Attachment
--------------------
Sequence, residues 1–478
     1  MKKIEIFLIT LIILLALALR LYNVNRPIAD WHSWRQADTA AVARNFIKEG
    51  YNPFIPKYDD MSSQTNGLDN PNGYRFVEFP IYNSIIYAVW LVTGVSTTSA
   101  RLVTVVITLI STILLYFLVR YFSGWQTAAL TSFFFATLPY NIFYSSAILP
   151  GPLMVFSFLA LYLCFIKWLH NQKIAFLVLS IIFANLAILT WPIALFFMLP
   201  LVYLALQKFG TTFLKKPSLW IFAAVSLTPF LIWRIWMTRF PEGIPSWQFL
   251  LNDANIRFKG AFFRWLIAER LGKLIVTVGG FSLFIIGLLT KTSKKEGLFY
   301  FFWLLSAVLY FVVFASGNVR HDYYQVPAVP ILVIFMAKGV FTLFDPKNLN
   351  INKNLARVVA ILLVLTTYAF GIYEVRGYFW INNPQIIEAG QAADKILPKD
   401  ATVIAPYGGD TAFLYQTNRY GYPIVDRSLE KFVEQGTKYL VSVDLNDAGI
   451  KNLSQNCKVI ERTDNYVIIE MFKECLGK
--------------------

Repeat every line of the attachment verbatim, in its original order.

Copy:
Sequence, residues 1–478
     1  MKKIEIFLIT LIILLALALR LYNVNRPIAD WHSWRQADTA AVARNFIKEG
    51  YNPFIPKYDD MSSQTNGLDN PNGYRFVEFP IYNSIIYAVW LVTGVSTTSA
   101  RLVTVVITLI STILLYFLVR YFSGWQTAAL TSFFFATLPY NIFYSSAILP
   151  GPLMVFSFLA LYLCFIKWLH NQKIAFLVLS IIFANLAILT WPIALFFMLP
   201  LVYLALQKFG TTFLKKPSLW IFAAVSLTPF LIWRIWMTRF PEGIPSWQFL
   251  LNDANIRFKG AFFRWLIAER LGKLIVTVGG FSLFIIGLLT KTSKKEGLFY
   301  FFWLLSAVLY FVVFASGNVR HDYYQVPAVP ILVIFMAKGV FTLFDPKNLN
   351  INKNLARVVA ILLVLTTYAF GIYEVRGYFW INNPQIIEAG QAADKILPKD
   401  ATVIAPYGGD TAFLYQTNRY GYPIVDRSLE KFVEQGTKYL VSVDLNDAGI
   451  KNLSQNCKVI ERTDNYVIIE MFKECLGK